2. jean robertson · ·

    Does anyone know who finances Equine Canada??? When they are in bed with the pro slaughter groups it makes me think of trying to raise hens in the same building as foxes.

    1. Here’s the financials for Equine Canada for FY11. They received $2.8 million from the Government of Canada – see page 10. http://equinecanada.ca/index.php?option=com_docman&task=doc_view&gid=5251&Itemid=88&lang=en

  3. Dennis Davey · ·

    i have completed my letter to Equine Canada, however i would like to CC to others before i mail. Can anyone assist me with some names and address?

    1. Hi Dennis – Do you want the provincial horse federations too? Here’s the page for the provincial contacts: http://www.equinecanada.ca/index.php?option=com_content&view=category&id=75&Itemid=670&lang=en Hope this helps. Thank you taking the time to communicate to them how you feel.

  4. Mary-Joe Figueira · ·

    This is like the Canadian Cancer Society and the Heart and Stroke Foundation having the tobacco companies as their stake holder!

  5. Dennis Davey · ·

    Time for ALL those opposed to this barbaric industry to get out paper and pen and write Equine Canada, and ask how Ritz and his AGRI Ministry could” SPECIFICALLY HAVE ANYTHING IN COMMON WITH THE WELFARE OF HORSES”.
    Last i heard the AGRI/ CFIA/ REDFORD and BOUVRY bunch were squarely in the business or support of the MASS killing of Horses that a MAJORITY OF THE Canadian PUBLIC WANT BANNED.

  6. GREAT CONCERN FOR SURE!! Equine Canada should be about the welfare of the EQUINE in CANADA and horse slaughter is NOT about the welfare of the equine. Damn right I will be asking!!!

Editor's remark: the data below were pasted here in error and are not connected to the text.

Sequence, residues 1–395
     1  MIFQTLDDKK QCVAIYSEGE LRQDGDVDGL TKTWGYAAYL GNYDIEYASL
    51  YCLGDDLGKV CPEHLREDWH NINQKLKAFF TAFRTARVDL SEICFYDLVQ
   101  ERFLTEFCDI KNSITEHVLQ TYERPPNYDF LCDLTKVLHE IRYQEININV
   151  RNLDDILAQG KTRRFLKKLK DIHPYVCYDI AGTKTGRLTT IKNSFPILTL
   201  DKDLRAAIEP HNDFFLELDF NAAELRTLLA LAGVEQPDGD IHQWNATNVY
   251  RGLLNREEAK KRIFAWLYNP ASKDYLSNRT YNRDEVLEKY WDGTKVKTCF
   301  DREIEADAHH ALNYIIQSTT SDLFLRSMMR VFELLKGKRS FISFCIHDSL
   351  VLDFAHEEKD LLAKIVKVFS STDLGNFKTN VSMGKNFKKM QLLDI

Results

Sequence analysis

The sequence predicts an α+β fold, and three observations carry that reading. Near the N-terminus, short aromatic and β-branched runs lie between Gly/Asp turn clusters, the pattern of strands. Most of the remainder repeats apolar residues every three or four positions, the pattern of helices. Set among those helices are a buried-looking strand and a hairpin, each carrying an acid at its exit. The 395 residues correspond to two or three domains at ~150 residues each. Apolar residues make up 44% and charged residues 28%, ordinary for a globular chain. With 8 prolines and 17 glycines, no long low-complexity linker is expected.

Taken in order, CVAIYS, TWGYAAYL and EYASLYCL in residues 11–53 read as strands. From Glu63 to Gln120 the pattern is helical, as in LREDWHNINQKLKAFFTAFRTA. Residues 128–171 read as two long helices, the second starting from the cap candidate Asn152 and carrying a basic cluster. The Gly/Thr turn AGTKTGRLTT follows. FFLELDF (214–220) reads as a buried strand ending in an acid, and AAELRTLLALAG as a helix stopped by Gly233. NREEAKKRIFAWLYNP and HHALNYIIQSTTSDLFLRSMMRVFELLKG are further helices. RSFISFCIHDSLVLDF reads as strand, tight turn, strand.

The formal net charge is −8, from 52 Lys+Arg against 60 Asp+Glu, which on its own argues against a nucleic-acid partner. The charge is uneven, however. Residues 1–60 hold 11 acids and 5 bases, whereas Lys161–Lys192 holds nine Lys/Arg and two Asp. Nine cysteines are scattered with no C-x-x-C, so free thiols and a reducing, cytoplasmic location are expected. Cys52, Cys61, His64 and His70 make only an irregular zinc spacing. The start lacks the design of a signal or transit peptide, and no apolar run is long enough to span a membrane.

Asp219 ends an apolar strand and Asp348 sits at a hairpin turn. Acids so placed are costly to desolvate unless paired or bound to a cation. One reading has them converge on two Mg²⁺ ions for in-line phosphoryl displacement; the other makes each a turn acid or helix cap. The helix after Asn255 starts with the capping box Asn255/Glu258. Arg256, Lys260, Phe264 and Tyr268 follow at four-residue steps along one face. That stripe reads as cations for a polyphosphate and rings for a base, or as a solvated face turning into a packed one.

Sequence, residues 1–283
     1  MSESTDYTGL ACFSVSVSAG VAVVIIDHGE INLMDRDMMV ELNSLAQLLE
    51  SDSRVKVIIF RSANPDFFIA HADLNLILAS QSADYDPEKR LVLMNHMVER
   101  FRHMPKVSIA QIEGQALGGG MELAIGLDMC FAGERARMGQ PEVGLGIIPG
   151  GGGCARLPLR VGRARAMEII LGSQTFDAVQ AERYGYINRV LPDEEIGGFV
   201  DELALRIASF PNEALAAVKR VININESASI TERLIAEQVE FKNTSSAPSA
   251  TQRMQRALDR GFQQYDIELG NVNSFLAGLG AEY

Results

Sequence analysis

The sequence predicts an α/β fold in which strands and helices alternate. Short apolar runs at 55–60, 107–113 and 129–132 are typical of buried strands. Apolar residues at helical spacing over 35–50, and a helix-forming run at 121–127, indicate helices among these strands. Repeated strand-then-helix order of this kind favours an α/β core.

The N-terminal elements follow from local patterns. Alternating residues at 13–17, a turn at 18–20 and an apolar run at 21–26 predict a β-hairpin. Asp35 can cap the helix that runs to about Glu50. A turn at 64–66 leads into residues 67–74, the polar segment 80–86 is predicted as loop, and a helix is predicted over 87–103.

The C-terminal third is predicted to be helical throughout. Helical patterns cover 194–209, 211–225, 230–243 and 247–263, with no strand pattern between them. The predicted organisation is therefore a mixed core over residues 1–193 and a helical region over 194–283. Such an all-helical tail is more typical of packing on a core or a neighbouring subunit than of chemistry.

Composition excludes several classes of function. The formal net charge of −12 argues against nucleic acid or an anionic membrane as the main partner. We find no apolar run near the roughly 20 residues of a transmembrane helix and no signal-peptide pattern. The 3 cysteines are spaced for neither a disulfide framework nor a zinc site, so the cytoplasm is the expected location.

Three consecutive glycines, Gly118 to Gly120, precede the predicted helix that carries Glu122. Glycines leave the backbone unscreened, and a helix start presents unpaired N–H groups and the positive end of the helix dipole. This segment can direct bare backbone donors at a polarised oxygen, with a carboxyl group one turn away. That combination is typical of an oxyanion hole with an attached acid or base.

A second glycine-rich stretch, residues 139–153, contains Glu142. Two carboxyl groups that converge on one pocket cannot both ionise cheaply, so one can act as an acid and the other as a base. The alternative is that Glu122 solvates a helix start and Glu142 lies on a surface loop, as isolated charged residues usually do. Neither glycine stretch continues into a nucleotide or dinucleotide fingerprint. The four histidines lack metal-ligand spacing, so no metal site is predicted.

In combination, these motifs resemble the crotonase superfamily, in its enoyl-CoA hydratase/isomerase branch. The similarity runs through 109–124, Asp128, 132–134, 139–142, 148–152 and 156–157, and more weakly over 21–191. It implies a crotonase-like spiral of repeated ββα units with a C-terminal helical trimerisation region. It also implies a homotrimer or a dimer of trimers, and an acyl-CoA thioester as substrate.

7. Terri Russell · ·

    Had anybody actually asked?

    1. Their stance has been, as long as it’s a humane death – including by slaughter for human consumption. Equine Canada has been quiet – avoiding the subject. However horse federations under Equine Canada, such as Alberta and SK have been outspoken on their pro-slaughter stance. All the horse federations are partners with the pro-slaughter Horse Welfare Alliance of Canada. Also, why is Agri-Food Canada a partner at all? The CHDC has approached Equine Canada in the past – they take the “humane death” stance, as does the Canadian Veterinary Medical Association (CVMA) and their American counterparts, the AVMA as well as the AAEP.
      I just checked the Animal Welfare Committee of the CVMA. It includes Dr. Gord Doonan (CFIA) and Dr. Terence Whiting, of Manitoba’s Agriculture and Food.

      1. Al Patterson and Jack deWit are both on the OEF and Equine Canada Boards. Here is the OEF’s Position Statement on the humane treatment of horses, advocating slaughter as an option: http://horse.on.ca/wp-content/uploads/2011/10/Position-HumaneTreatmentofHorses.pdf